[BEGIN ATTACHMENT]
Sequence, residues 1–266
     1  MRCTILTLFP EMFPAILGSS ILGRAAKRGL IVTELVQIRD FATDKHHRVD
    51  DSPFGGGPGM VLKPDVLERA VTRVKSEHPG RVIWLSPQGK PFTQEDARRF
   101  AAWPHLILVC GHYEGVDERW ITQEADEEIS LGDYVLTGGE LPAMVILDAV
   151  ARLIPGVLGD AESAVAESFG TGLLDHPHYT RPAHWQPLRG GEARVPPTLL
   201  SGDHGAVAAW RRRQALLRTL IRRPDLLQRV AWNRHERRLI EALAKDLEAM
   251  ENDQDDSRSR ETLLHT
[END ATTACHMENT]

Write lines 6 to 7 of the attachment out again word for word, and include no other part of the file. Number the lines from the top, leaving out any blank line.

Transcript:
   201  SGDHGAVAAW RRRQALLRTL IRRPDLLQRV AWNRHERRLI EALAKDLEAM
   251  ENDQDDSRSR ETLLHT